By Ian S. Port
By Cory Sklar
By Godofredo Vasquez
By Gil Riego Jr.
By Ian S. Port
By Ian S. Port
By Christopher Victorio
By Ian S. Port
The Casanova has big glass grapes hanging from the ceiling, the kind you saw in your algebra teacher's family room when he had the class over for an end-of-semester party and you were surprised that a guy who did math for a living found beauty in cornball stuff. Those kind of grapes. Every time I sit at that bar, though, I'm also reminded of Aesop's fable about the fox and the grapes. A fox sees these toothsome grapes and is excited at the possibility of eating them. Trouble is, they are too high off the ground and he cannot reach them, though he tries and tries. Eventually he says, "Fuck it," and starts to disparage the grapes, saying that they're sour anyway, so who needs 'em.
San Francisco, CA 94110
Region: Mission/ Bernal Heights
If there's anything I try to do in life, it's to not be that fox. I like to see things as they are, let stuff sink in, and either try to change the situation or move on. I like to think that if I weren't able to reach the grapes, I would feel some disappointment, and then I'd figure out how to build a stepstool out of shoots and brambles, nimbly constructing it with my little fox paws and wiping my brow now and again with my big bushy tail.
Then, if that still didn't work, I'd say "Fuck it." Goddamn grapes.
Needless to say, I have been constructing a lot of stepstools lately and still haven't been able to reach much. I'm sure a lot of us are in the same predicament, what with this bad economy and all. I had to wonder if everyone sitting next to me at the Casanova, all of us by ourselves at the bar, whether we were all in the "Fuck it" mode. Going out for beers is one way to deal with things, after all.
To my right was the same guy I always see there, an older African-American man I remember talking to once. I think he's a Vietnam vet. He didn't seem much for talking on this night, though, so I left him alone. A Belgian woman with a bare midriff was at the other end of the bar, singing along to the old Who songs coming out of the jukebox — the really old Who stuff, from when the band was trying to be the Kinks.
I was waiting for a few friends to show up after work. They were late. I looked around and tried to construct more fables. The Casanova is one of the best bars in the city. It's big but still cozy, with couches and low-slung coffee tables. This ain't no "lounge," though; it has a decidedly thrift-store appeal, especially since the walls are adorned with velvet paintings of naked women. One portrays a naked woman looking at a magazine of naked women, which of course brought to mind Aesop's tale of the Tortoise and the Big Titties.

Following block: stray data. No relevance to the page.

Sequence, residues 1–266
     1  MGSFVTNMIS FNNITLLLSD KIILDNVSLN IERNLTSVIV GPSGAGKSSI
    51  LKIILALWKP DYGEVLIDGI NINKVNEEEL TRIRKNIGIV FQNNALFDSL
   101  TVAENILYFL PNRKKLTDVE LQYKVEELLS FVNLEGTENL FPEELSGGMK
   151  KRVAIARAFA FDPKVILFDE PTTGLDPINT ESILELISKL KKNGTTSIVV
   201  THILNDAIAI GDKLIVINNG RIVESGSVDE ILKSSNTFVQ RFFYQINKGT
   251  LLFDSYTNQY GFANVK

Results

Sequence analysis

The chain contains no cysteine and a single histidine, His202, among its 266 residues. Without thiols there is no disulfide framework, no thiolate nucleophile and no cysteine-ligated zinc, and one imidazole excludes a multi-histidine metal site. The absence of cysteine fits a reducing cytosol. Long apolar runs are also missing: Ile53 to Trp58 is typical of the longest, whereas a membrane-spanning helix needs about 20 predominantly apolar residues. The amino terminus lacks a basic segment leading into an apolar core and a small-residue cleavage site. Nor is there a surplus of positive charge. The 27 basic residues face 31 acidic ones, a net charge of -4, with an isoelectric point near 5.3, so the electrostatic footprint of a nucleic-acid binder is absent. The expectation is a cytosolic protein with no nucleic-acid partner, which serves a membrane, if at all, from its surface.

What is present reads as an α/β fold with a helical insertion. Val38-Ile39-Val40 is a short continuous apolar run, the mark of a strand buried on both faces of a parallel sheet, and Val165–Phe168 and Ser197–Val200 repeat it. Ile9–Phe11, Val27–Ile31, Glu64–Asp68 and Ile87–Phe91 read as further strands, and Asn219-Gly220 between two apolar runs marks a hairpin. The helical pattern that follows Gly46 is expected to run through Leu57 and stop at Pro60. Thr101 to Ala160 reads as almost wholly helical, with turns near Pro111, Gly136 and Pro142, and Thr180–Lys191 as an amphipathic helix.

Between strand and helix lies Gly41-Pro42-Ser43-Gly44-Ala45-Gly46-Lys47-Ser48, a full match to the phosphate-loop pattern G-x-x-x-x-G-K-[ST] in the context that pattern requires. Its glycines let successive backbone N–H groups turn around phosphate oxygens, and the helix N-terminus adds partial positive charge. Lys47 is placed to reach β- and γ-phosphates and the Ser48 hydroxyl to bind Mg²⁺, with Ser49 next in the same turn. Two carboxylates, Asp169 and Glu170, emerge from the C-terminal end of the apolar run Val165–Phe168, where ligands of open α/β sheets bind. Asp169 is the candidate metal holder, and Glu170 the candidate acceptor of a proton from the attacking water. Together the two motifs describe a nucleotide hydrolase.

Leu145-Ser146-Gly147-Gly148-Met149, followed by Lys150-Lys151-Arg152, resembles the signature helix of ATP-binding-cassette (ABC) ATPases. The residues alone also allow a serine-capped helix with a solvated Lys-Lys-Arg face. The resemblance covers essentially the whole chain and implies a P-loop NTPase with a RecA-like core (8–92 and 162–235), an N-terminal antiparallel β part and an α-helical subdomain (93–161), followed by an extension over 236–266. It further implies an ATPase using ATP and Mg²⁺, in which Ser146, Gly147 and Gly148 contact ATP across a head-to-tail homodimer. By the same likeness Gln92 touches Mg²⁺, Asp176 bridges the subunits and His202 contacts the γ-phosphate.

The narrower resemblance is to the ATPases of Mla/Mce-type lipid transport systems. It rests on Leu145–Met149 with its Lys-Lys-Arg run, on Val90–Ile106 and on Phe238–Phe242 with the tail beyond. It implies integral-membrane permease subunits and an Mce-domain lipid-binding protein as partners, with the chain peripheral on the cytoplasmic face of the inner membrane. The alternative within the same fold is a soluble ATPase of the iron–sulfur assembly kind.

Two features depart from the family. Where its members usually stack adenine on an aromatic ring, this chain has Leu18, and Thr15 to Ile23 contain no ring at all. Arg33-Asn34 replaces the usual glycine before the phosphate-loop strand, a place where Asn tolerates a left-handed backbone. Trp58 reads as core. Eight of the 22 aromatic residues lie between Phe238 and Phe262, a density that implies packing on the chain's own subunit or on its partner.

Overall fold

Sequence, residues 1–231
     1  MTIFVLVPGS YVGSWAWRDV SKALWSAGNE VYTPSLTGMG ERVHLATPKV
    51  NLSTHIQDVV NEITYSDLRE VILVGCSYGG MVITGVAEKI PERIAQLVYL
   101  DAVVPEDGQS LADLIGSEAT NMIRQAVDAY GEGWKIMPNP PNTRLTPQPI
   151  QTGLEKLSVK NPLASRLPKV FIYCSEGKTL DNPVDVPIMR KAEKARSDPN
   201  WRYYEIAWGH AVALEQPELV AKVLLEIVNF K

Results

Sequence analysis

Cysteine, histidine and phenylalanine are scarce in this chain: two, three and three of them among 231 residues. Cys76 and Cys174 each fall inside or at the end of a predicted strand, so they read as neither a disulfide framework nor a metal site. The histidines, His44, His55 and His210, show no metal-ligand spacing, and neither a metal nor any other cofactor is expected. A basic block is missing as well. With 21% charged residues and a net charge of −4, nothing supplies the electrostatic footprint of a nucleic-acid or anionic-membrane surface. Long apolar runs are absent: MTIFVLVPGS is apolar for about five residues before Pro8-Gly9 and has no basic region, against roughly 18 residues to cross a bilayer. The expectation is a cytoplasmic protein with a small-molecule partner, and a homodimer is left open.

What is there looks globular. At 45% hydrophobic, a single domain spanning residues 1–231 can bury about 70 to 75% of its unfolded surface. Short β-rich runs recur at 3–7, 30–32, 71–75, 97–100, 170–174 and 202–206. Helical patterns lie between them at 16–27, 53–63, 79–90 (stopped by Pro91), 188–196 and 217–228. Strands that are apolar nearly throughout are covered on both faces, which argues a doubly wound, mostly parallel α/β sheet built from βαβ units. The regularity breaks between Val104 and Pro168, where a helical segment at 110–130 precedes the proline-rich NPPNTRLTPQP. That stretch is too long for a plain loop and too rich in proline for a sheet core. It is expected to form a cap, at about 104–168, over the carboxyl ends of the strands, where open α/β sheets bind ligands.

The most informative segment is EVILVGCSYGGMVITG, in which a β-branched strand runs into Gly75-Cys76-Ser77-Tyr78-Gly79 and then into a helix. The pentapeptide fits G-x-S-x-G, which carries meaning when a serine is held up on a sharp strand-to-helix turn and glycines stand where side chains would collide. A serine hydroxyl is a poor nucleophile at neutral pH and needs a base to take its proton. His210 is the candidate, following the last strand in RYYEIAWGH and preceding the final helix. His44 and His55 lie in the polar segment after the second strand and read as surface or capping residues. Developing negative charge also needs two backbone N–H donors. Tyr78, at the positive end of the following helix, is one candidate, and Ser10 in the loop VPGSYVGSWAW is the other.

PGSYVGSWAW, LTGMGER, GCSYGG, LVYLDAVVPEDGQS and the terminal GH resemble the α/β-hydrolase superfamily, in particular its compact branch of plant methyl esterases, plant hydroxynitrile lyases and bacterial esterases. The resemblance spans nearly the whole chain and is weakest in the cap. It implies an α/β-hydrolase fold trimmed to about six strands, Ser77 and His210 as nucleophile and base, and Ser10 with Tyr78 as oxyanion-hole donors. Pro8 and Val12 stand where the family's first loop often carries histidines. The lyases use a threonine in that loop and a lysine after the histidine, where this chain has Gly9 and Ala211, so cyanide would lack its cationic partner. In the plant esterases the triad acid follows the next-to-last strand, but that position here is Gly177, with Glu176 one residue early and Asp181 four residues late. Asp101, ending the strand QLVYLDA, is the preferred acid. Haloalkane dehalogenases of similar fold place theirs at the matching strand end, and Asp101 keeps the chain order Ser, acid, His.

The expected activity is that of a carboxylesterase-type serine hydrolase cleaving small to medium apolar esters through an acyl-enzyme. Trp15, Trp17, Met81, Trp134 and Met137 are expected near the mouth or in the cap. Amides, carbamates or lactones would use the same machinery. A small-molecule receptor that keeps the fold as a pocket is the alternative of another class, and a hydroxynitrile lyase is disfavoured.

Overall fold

All the fables Aesop wrote are about some sort of transformation: from pride to humbleness, from lowly to exalted, or from ignorance to wisdom. Most of the stuff going on at the Casanova seemed to be your basic "drunk to drunker" sea changes, but, as with most stories, I assume there was more going on under the surface. To wit, the young hipster to my immediate left: He was drinking Racer 5, wearing a Le Tigre shirt, and reading American Psycho. I wanted to ask him whether he was looking for dating tips from that book, but he never made eye contact. I would say he embodied the S.F. bachelor type who has probably moved on from Bukowski but hasn't yet fallen into his Jim Thompson period. (He'll see comparisons between Thompson and Bret Easton Ellis when he reads the Wikipedia blurb on American Psycho after he finishes the book. His interest piqued, he will then explore The Killer Inside Me). He's doing it the right way, though. You don't just jump to Heidegger without reading Plato first. He is like the mouse who slowly stored up grain for the winter while the silly young crow played Xbox 360 all autumn and then starved to death, half-frozen in a pile of cow shit once the frosts came. Finally, the guy looked up at me from his book. I smiled. He went back to his book.
My friends filed in and we sat in the couch area. I couldn't hear what anyone was saying because the DJ, who had recently showed up, was jamming Led Zeppelin. I'm cool with tuning people out, though, so I did that for a bit. Then I heard the conversation turn toward Quackers, those wacky half-boat, half-car things that take tourists from the streets and plunk them right into the bay. Oddly enough, I had never seen a Quacker. I was intrigued. Why is seeing something move from land to sea in a matter of minutes so fascinating? Throw in a group of silver-haired out-of-towners in rainbow sweaters peeking out of the windows, and you can color me obsessed.
"They really have those things?" I asked, astonished. Later that night I went online and read about Quackers. They are old contraptions from World War II, used to storm the beaches on D-Day. Some brilliant person later decided to use them to get tourists from the city to Alcatraz. The Web site for the Quackers (they call the boats "ducks") is even more surreal: "Bay Quackers is committed to free speech and freedom of expression," it reads, for no apparent reason. But then again, I'm tired of these draconian tourist packages that won't let you burn an American flag in the back of the bus. Maybe they are on to something.
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